Ruth Pöttgen is a postdoctoral researcher in the ATLAS group at Stockholm University. In 2015, she obtained her Ph.D. at the Johannes Gutenberg – University in Mainz, Germany, for her thesis on a “Search for Dark Matter in Events with a highly energetic jet and missing transverse momentum at a centre-of-mass energy of 8 TeV with the ATLAS Detector”. At the ATLAS collaboration meeting in February, Ruth was awarded one out of 4 ATLAS Thesis Awards for outstanding contributions to the ATLAS-Experiment in the context of a Ph.D. thesis; more than 100 theses were eligible.
During her Ph.D., Ruth was based at CERN within its doctoral student programme, funded by a Wolfgang-Gentner scholarship. She was active member of the CERN group responsible for the central trigger — a vital component of the ATLAS experiment — and contributed both to its day-to-day operation as well as its upgrade during the long LHC shutdown from 2013-2015.
In 2012, she joined one of her colleagues from the central trigger group in a search for weakly interacting massive particles (WIMPs) — a popular generic class of candidates for Dark Matter particles, for which also various searches are pursued within OKC.
While there is ample compelling evidence for the existence of Dark Matter at various cosmological scales, an unambiguous direct observation of Dark Matter in the laboratory is still pending. The Standard Modell (SM) of particle physics does not provide a viable candidate to account for all of the observed Dark Matter, which is estimated to amount to roughly 80% of the matter content of the universe. WIMPs could, in a natural way, account for the present day abundance of Dark Matter. Such particles feature in many theories for physics beyond the SM, e.g. the lightest supersymmetric particle in R-parity conserving super-symmetry models.
A number of experiments searches for evidence for WIMPs and can be grouped roughly into three different categories. Direct searches look for the nuclear recoil in a target material due to the scattering of WIMPs off nuclei, while indirect searches try to detect the products of WIMP annihilation into SM particles. In recent years, also the search for WIMP pair production at hadron colliders has gathered momentum. It is in many regards complementary to the other search approaches and has become the third pillar for the hunt for Dark Matter.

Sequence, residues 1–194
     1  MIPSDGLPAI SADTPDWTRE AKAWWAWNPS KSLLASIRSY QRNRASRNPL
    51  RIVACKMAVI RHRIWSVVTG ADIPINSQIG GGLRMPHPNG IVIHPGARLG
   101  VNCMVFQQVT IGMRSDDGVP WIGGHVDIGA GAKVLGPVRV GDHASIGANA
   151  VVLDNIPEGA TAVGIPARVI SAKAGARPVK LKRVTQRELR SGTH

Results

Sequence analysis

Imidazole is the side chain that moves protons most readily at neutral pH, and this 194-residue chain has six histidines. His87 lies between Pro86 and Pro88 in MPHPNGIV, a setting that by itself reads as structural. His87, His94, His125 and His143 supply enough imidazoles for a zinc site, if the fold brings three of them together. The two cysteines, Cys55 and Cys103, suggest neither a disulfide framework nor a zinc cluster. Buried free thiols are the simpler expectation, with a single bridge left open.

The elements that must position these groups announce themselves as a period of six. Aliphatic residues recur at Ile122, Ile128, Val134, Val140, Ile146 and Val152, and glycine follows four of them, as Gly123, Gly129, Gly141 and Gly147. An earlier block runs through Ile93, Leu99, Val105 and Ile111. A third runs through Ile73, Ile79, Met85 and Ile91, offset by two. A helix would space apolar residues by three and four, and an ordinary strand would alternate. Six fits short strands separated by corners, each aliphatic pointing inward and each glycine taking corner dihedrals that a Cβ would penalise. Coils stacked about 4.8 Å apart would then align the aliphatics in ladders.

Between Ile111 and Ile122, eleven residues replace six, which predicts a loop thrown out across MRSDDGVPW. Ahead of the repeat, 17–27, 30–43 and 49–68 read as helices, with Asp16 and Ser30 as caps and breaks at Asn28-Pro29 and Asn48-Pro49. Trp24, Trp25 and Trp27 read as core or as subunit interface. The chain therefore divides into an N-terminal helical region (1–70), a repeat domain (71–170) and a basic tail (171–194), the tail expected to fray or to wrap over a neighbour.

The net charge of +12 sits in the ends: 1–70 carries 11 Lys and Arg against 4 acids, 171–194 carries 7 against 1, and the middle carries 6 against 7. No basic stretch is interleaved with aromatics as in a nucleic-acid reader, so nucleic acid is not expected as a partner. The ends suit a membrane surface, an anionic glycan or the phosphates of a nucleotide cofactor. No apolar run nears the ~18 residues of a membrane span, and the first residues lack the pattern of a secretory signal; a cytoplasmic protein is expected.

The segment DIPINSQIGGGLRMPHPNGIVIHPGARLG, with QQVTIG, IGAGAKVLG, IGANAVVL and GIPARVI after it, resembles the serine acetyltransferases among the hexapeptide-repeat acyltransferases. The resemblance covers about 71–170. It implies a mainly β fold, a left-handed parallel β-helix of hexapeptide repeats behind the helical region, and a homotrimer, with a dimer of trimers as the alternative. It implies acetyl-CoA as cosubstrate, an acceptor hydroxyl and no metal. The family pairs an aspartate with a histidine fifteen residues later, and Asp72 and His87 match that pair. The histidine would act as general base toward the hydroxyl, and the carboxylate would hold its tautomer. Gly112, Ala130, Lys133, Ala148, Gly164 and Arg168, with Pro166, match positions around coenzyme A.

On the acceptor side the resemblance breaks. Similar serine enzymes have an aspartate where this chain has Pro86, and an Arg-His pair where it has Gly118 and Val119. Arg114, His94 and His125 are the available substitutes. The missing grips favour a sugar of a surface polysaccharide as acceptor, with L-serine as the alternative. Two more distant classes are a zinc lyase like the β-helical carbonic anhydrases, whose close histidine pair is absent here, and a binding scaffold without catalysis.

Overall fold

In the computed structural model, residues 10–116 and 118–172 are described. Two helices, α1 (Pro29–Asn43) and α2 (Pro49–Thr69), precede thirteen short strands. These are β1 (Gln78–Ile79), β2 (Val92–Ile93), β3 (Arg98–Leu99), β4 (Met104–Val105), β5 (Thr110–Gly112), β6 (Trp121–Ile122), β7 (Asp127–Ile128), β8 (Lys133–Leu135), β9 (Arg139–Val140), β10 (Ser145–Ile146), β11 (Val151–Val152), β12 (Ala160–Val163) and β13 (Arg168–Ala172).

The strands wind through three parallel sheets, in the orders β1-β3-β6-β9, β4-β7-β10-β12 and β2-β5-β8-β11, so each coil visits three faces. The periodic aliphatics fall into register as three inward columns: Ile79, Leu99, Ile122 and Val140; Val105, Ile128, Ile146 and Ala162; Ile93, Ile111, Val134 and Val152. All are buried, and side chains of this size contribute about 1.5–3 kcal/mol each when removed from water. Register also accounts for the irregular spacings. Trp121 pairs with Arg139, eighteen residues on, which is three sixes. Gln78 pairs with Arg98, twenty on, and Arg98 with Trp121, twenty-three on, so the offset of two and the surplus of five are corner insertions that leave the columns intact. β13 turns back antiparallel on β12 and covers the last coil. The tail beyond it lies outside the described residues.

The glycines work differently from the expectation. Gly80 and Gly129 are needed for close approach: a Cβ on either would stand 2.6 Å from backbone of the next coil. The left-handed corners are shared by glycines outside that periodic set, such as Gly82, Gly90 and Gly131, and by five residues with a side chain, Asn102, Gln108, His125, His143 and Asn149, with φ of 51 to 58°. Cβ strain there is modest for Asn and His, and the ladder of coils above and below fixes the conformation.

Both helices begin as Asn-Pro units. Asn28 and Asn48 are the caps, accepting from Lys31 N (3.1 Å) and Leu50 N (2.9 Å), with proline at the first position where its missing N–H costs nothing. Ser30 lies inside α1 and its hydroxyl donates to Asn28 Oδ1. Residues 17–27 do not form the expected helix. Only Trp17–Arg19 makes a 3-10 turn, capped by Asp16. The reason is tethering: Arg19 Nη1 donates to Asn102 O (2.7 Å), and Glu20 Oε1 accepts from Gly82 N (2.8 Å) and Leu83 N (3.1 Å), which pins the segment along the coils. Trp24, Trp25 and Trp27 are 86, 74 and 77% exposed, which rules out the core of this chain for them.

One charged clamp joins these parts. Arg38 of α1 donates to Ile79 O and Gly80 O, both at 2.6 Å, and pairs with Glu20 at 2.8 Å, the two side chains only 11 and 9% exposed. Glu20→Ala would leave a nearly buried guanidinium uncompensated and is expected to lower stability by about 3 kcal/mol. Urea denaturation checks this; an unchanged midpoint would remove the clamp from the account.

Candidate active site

Like neutrinos, WIMPs do practically not interact with the detector material and are hence themselves ‘invisible’. If they are, however, produced together with some other, ideally highly energetic object, their presence can be inferred from the missing contribution to the momentum balance. One possibility is that the other object is a hadronic jet (a bundle of particles). Such events are commonly referred to as mono-jet events. The signal is then expected to manifest itself as an excess above the Standard Model prediction at large missing transverse energy. While the direct searches are essentially background-free experiments, one of the major challenges in the collider-based search is the careful estimation of irreducible backgrounds, dominated by the production of Z-bosons together with jets, where the former decay in neutrino-antineutrino pairs.
The preliminary ATLAS results based on half of the data set collected at a centre-of-mass energy of 8 TeV in 2012 had been presented by Ruth at the ISAPP summer school on Dark Matter, held in Stockholm and organised by OKC in 2013. The results were discussed with great interest and Ruth was awarded with one of the three poster awards.
For the analysis of the full 2012 proton-proton dataset (20 fb-1) in her thesis, Ruth optimised the event selection with respect to the sensitivity for a WIMP signal. The search was performed in eight signal regions of increasing missing transverse momentum and no significant excess was observed. Model-independent limits on the cross section for new physics as well as bounds on parameters of two different, but related models for Dark Matter were derived.
Together with Ruth, three members of the SU ATLAS group were and are still involved in the mono-jet analysis, but focussing on a different interpretation.
Ruth is currently based at CERN and coordinates the ATLAS search for first and second generation scalar leptoquarks, which is to be published for the Moriond conference in March. Afterwards, she’ll return to Stockholm and is eager to explore possibilities of a collaboration with Dark Matter experts at OKC.
The “Award ceremony” will take place on today, February 25, at CERN.